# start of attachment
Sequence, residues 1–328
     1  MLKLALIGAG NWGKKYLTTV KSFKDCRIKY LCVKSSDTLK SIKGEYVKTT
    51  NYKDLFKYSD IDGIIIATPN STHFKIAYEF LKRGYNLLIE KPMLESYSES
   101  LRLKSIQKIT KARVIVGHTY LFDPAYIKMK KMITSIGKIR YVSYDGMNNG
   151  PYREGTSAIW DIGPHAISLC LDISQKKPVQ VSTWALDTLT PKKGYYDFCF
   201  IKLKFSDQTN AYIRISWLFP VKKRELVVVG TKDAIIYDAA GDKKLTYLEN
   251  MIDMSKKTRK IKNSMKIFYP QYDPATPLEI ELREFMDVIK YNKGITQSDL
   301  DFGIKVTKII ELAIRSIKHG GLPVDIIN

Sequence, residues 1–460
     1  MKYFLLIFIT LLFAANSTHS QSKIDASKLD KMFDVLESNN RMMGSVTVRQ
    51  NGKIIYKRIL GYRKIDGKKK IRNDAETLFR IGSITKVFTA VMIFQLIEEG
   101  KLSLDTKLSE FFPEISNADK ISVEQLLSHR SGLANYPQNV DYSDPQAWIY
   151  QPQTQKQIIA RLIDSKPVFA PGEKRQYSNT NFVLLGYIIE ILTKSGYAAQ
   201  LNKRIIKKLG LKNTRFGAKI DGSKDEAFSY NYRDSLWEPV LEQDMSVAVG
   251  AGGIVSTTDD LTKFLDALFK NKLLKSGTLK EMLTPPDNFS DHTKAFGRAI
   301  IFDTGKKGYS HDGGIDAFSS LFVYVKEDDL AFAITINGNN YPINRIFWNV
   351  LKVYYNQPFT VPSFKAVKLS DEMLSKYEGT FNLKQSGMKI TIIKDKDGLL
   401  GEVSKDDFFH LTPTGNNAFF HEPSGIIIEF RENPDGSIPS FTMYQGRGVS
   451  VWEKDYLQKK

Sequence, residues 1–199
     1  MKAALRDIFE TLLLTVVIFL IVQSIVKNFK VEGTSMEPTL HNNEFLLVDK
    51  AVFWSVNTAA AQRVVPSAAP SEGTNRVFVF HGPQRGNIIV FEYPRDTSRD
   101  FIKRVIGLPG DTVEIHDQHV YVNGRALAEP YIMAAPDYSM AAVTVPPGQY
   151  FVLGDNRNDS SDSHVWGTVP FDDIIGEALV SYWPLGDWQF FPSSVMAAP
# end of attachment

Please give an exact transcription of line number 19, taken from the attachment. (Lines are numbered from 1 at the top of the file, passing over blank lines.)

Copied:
   451  VWEKDYLQKK